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Residential fire fatality typologies in Sweden : Results after 20 years of high-quality data

Jonsson, Anders ; Runefors, Marcus LU orcid ; Gustavsson, Johanna and Nilson, Finn (2022) In Journal of Safety Research
Abstract

Introduction: Despite a positive long-term trend in fire mortality rates, more knowledge is required concerning the causes and typologies of fatal residential fires in order to improve preventative efforts and further decrease fatality rates. A previous study suggested that fatal residential fires can be grouped into six categories, however, the analyses were performed on a limited dataset that is now more than a decade old. As such, there are some uncertainties regarding the current situation. Also, in the previous study, no subgroups were analyzed separately, despite fatal fires being renowned for being strongly age-dependent. Method: This study re-analyzes the typologies for fatal residential fires in Sweden using cluster analysis,... (More)

Introduction: Despite a positive long-term trend in fire mortality rates, more knowledge is required concerning the causes and typologies of fatal residential fires in order to improve preventative efforts and further decrease fatality rates. A previous study suggested that fatal residential fires can be grouped into six categories, however, the analyses were performed on a limited dataset that is now more than a decade old. As such, there are some uncertainties regarding the current situation. Also, in the previous study, no subgroups were analyzed separately, despite fatal fires being renowned for being strongly age-dependent. Method: This study re-analyzes the typologies for fatal residential fires in Sweden using cluster analysis, based on data for a period of 20 years with a particular focus on older adults. Results: The results suggest that the original cluster analyses were relatively robust for both the total population and for the elderly population, thereby indicating that fatal fires seem to be consistently grouped into certain types. Conclusions: The results suggest that preventative efforts can be directed toward these types of events involving identified individuals. The results also suggest that the number of fatal residential fires with unknown causes has increased in relation to other fires during the 20-year study period. Practical Implications: Fatal residential fires with unknown causes are more often large night-time fires occurring in houses in rural locations. In order to prevent these, both prevention and reactive strategies need to be re-evaluated.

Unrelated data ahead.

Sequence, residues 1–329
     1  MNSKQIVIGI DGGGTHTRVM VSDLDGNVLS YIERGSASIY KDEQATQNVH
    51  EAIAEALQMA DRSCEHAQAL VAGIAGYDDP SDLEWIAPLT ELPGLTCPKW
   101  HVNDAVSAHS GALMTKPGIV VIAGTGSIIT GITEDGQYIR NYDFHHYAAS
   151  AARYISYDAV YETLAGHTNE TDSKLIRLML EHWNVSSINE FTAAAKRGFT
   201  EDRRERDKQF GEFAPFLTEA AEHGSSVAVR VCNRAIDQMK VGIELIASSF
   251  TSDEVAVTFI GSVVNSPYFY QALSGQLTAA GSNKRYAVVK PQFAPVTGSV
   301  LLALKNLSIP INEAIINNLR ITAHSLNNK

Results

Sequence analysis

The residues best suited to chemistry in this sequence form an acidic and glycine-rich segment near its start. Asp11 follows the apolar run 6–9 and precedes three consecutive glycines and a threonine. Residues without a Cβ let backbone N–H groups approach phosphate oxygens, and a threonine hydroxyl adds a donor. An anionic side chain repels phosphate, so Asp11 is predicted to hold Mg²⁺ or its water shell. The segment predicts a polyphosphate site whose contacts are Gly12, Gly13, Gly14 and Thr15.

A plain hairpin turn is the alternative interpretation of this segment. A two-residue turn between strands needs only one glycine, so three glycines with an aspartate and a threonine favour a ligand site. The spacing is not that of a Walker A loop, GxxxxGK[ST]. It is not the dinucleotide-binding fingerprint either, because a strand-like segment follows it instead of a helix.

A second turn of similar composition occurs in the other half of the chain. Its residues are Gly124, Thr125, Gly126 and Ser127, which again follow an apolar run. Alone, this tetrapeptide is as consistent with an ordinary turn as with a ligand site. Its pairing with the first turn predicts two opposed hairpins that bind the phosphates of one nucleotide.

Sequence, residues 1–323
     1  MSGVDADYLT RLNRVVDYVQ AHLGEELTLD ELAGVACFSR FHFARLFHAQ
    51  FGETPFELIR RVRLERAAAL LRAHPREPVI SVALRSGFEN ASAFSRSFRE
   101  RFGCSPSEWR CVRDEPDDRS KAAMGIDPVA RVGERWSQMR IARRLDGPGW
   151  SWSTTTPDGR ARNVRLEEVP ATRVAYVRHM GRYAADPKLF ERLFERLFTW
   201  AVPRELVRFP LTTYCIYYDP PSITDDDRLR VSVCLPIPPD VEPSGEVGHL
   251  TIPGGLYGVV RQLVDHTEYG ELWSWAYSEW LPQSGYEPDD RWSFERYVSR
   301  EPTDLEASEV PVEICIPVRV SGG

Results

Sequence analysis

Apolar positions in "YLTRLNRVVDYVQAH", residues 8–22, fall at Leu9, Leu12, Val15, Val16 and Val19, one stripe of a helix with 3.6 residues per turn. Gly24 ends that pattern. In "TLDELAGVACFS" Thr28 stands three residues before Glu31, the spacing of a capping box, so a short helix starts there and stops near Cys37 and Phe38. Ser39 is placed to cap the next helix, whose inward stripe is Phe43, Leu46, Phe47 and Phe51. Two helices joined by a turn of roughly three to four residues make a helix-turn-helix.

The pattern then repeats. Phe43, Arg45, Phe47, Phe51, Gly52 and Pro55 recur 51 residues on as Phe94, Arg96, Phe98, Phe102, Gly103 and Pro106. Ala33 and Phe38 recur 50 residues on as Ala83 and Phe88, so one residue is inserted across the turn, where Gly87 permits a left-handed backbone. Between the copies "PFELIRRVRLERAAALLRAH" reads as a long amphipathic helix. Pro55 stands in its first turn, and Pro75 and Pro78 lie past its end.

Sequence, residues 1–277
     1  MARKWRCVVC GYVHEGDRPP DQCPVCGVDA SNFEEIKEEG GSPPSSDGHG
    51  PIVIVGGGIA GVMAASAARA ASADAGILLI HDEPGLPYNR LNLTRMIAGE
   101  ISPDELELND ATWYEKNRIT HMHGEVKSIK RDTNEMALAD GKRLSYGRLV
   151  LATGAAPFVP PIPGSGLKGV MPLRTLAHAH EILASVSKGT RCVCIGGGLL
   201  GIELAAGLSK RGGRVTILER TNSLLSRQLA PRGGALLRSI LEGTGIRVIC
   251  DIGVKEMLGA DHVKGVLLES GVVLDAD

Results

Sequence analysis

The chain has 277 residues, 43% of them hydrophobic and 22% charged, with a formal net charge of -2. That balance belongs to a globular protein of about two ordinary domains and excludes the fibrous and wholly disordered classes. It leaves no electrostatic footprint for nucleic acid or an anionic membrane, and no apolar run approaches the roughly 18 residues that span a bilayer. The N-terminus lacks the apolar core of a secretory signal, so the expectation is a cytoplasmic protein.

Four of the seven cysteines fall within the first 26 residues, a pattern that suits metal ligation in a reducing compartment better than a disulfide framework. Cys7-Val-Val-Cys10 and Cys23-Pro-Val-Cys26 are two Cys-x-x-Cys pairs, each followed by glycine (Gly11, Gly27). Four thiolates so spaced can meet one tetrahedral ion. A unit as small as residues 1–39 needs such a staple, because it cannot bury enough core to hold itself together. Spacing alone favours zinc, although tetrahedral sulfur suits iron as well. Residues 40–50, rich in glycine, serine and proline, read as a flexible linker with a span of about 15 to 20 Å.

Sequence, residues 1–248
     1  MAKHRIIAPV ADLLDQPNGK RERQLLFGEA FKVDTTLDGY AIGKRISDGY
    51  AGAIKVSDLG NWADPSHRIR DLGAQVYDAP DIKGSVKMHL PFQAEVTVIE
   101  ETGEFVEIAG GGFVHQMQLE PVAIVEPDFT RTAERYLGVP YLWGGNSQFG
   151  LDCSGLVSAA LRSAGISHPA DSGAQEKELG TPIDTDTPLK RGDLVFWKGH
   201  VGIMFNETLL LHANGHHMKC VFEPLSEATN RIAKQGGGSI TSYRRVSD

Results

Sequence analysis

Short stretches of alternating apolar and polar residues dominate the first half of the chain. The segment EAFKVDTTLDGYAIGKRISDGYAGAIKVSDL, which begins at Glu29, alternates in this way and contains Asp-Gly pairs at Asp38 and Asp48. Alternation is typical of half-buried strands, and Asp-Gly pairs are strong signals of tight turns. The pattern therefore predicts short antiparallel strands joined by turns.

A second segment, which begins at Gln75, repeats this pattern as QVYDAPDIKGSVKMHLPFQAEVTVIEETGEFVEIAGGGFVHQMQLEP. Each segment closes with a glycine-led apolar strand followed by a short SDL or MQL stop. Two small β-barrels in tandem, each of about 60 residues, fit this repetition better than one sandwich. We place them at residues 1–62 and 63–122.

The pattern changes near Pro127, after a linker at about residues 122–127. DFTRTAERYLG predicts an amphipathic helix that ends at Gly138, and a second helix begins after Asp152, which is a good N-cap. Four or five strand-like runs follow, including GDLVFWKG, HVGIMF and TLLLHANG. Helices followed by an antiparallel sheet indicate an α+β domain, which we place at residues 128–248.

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author
; ; and
organization
publishing date
type
Contribution to journal
publication status
epub
subject
keywords
Cluster analysis, Elderly, Fire mortality
in
Journal of Safety Research
publisher
Elsevier
external identifiers
  • scopus:85130491112
ISSN
0022-4375
DOI
10.1016/j.jsr.2022.04.007
language
English
LU publication?
yes
id
0e4818a8-3f6a-4268-ab81-a161082062ef
date added to LUP
2022-07-14 11:55:34
date last changed
2022-07-21 19:42:44
@article{0e4818a8-3f6a-4268-ab81-a161082062ef,
  abstract     = {{<p>Introduction: Despite a positive long-term trend in fire mortality rates, more knowledge is required concerning the causes and typologies of fatal residential fires in order to improve preventative efforts and further decrease fatality rates. A previous study suggested that fatal residential fires can be grouped into six categories, however, the analyses were performed on a limited dataset that is now more than a decade old. As such, there are some uncertainties regarding the current situation. Also, in the previous study, no subgroups were analyzed separately, despite fatal fires being renowned for being strongly age-dependent. Method: This study re-analyzes the typologies for fatal residential fires in Sweden using cluster analysis, based on data for a period of 20 years with a particular focus on older adults. Results: The results suggest that the original cluster analyses were relatively robust for both the total population and for the elderly population, thereby indicating that fatal fires seem to be consistently grouped into certain types. Conclusions: The results suggest that preventative efforts can be directed toward these types of events involving identified individuals. The results also suggest that the number of fatal residential fires with unknown causes has increased in relation to other fires during the 20-year study period. Practical Implications: Fatal residential fires with unknown causes are more often large night-time fires occurring in houses in rural locations. In order to prevent these, both prevention and reactive strategies need to be re-evaluated.</p>}},
  author       = {{Jonsson, Anders and Runefors, Marcus and Gustavsson, Johanna and Nilson, Finn}},
  issn         = {{0022-4375}},
  keywords     = {{Cluster analysis; Elderly; Fire mortality}},
  language     = {{eng}},
  publisher    = {{Elsevier}},
  series       = {{Journal of Safety Research}},
  title        = {{Residential fire fatality typologies in Sweden : Results after 20 years of high-quality data}},
  url          = {{http://dx.doi.org/10.1016/j.jsr.2022.04.007}},
  doi          = {{10.1016/j.jsr.2022.04.007}},
  year         = {{2022}},
}